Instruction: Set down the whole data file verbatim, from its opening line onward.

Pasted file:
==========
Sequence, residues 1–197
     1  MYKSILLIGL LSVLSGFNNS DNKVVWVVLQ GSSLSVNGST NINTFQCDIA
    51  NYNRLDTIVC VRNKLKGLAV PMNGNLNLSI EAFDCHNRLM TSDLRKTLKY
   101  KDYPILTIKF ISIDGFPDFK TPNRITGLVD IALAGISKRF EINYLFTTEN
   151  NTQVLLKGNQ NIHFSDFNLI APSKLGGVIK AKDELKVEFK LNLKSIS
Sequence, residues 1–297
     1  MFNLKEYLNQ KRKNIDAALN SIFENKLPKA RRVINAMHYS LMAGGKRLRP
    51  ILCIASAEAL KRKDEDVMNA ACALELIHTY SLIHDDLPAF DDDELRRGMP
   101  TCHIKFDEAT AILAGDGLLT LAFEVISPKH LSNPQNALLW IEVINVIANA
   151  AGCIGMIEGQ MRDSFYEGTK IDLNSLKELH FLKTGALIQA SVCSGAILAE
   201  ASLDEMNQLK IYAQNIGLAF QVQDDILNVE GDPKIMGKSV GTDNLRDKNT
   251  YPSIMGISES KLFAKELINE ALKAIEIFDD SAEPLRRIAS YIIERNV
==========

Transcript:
Sequence, residues 1–197
     1  MYKSILLIGL LSVLSGFNNS DNKVVWVVLQ GSSLSVNGST NINTFQCDIA
    51  NYNRLDTIVC VRNKLKGLAV PMNGNLNLSI EAFDCHNRLM TSDLRKTLKY
   101  KDYPILTIKF ISIDGFPDFK TPNRITGLVD IALAGISKRF EINYLFTTEN
   151  NTQVLLKGNQ NIHFSDFNLI APSKLGGVIK AKDELKVEFK LNLKSIS
Sequence, residues 1–297
     1  MFNLKEYLNQ KRKNIDAALN SIFENKLPKA RRVINAMHYS LMAGGKRLRP
    51  ILCIASAEAL KRKDEDVMNA ACALELIHTY SLIHDDLPAF DDDELRRGMP
   101  TCHIKFDEAT AILAGDGLLT LAFEVISPKH LSNPQNALLW IEVINVIANA
   151  AGCIGMIEGQ MRDSFYEGTK IDLNSLKELH FLKTGALIQA SVCSGAILAE
   201  ASLDEMNQLK IYAQNIGLAF QVQDDILNVE GDPKIMGKSV GTDNLRDKNT
   251  YPSIMGISES KLFAKELINE ALKAIEIFDD SAEPLRRIAS YIIERNV